As cited in the Use Your Years book, Alright. Next time we see each other is the conference room. Use Your Years book. Confirm and fold. “If you change nothing, nothing will change”
You have been given the same amount of years as everyone else from the standpoint that nobody actually knows. What you do know is where you currently are in your life and what you are aiming to achieve within whatever time you presume you have left. In order to take that on and tackle it properly you must put into practice plans and get yourself moving in the correct direction. As quickly as you possibly can.
The Use Your Years book highlights these notions, its main aim is for you to take stock of how long things take to complete and the best way for you to get anywhere is to start. It’s predominantly about beginning and using the time you know you have.
Time matters. Al Pacino’s Jimmy Hoffa character in “The Irishman” perfectly summarized my feelings on punctuality in the scene that everyone that has seen the film will know.
Of course there are limits. Push them. Put the extra work in that you know you need to in order to obtain your goals. The years you have can easily be squandered and few of us don’t have time wasting experience in one area or another. Time wasting in the context of what I’m describing belongs to doing things that don’t ultimately make you happy or feel like you’ve made the most of your minutes, and of course used your years as best you could.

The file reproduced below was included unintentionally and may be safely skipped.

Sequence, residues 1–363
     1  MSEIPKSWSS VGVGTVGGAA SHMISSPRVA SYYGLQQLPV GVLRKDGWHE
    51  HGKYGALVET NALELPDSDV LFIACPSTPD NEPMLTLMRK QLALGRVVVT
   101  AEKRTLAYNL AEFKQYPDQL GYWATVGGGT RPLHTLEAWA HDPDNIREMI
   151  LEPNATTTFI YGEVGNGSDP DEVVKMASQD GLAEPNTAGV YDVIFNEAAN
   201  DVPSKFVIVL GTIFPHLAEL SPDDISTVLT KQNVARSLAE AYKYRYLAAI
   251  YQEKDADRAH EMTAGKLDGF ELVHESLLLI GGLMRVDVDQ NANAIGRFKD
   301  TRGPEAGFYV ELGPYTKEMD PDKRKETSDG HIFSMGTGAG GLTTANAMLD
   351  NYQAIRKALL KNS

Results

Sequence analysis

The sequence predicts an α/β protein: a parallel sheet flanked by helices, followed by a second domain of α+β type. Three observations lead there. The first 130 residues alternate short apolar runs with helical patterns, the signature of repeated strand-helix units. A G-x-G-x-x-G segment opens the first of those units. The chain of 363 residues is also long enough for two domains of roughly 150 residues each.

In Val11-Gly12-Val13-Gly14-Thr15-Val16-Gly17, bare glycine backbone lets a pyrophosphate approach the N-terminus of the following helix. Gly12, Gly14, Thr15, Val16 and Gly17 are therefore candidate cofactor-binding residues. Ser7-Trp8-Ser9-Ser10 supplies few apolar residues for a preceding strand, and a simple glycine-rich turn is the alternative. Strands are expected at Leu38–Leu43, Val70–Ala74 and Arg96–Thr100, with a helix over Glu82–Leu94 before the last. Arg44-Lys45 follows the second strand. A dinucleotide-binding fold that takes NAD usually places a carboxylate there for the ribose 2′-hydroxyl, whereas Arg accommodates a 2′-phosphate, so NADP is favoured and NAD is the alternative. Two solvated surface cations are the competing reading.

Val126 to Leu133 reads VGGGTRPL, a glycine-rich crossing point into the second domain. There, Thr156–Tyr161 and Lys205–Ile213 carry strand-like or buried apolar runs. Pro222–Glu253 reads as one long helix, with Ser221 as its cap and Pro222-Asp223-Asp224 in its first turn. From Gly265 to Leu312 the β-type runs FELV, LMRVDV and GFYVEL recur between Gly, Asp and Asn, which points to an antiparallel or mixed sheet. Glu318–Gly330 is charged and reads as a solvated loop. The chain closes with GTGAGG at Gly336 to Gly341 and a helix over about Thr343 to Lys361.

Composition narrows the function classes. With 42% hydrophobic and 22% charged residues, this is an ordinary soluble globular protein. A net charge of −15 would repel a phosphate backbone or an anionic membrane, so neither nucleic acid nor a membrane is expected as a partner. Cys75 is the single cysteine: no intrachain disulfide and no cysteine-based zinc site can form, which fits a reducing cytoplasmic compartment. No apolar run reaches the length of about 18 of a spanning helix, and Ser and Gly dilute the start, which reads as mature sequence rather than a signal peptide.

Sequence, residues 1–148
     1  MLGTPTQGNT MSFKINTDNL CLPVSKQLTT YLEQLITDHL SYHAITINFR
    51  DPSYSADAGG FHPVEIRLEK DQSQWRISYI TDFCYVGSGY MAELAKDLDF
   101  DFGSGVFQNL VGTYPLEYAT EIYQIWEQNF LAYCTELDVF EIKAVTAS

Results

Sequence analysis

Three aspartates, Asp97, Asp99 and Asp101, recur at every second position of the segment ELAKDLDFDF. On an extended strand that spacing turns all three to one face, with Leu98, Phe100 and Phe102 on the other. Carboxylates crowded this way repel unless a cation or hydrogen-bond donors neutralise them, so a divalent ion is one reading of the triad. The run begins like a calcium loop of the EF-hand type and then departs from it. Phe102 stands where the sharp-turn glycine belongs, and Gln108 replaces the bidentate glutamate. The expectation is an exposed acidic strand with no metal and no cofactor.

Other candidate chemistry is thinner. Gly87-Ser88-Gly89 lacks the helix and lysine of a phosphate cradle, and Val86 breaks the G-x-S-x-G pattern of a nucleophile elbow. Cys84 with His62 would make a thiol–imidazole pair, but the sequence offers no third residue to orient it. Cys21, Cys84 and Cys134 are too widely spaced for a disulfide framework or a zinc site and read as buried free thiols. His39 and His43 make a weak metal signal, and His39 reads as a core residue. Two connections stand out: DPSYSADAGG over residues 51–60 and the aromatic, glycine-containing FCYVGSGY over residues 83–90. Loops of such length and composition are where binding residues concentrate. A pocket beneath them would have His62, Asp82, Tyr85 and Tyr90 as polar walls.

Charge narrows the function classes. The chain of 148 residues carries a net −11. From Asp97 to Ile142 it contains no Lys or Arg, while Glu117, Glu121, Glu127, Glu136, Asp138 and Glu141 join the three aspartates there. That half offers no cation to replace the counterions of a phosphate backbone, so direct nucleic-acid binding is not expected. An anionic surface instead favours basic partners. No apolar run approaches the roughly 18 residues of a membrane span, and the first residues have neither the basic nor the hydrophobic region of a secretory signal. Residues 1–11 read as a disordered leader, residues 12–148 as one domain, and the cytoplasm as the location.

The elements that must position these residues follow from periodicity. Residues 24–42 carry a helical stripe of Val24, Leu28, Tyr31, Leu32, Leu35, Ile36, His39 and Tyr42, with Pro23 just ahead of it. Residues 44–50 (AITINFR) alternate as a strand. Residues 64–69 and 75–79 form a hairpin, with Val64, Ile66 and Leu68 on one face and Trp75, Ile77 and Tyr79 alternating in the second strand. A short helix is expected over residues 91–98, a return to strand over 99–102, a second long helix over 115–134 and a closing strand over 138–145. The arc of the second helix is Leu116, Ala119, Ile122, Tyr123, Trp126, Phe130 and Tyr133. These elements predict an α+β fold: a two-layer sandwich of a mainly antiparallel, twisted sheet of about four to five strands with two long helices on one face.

It’s time for you to purchase the book as grasp where I’m coming from. Hopefully it’ll help you in resetting your path and gearing it more towards your desired life. If not, the Use Your Years book will help me with mine. That can’t be that bad can it?
Kindness matters. “Take a cup of kindness now for auld lang’s syne.”
“The secret to your success is found in your daily routine.” John C. Maxwell
*** Like most things online it’s hard to say whether these quotes originate with the person they’re attributed to. Regardless, they’re a tool to hopefully inspire you and so does it matter as much as the point the words convey?